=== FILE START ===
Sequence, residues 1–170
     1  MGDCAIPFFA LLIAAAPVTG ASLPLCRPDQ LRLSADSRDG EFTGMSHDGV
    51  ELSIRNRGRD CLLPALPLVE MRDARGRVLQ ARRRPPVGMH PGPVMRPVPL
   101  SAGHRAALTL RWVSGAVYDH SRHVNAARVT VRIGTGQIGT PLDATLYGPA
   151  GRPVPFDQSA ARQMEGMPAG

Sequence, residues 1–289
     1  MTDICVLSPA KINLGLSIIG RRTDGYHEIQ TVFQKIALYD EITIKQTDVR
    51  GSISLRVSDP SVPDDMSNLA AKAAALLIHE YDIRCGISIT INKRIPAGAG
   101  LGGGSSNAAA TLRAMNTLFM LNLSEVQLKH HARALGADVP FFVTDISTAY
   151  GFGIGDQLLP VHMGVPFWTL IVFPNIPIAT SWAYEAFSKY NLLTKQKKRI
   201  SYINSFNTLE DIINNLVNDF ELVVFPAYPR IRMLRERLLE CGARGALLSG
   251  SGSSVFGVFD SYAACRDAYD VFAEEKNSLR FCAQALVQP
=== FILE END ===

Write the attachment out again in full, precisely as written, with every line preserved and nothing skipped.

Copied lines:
Sequence, residues 1–170
     1  MGDCAIPFFA LLIAAAPVTG ASLPLCRPDQ LRLSADSRDG EFTGMSHDGV
    51  ELSIRNRGRD CLLPALPLVE MRDARGRVLQ ARRRPPVGMH PGPVMRPVPL
   101  SAGHRAALTL RWVSGAVYDH SRHVNAARVT VRIGTGQIGT PLDATLYGPA
   151  GRPVPFDQSA ARQMEGMPAG

Sequence, residues 1–289
     1  MTDICVLSPA KINLGLSIIG RRTDGYHEIQ TVFQKIALYD EITIKQTDVR
    51  GSISLRVSDP SVPDDMSNLA AKAAALLIHE YDIRCGISIT INKRIPAGAG
   101  LGGGSSNAAA TLRAMNTLFM LNLSEVQLKH HARALGADVP FFVTDISTAY
   151  GFGIGDQLLP VHMGVPFWTL IVFPNIPIAT SWAYEAFSKY NLLTKQKKRI
   201  SYINSFNTLE DIINNLVNDF ELVVFPAYPR IRMLRERLLE CGARGALLSG
   251  SGSSVFGVFD SYAACRDAYD VFAEEKNSLR FCAQALVQP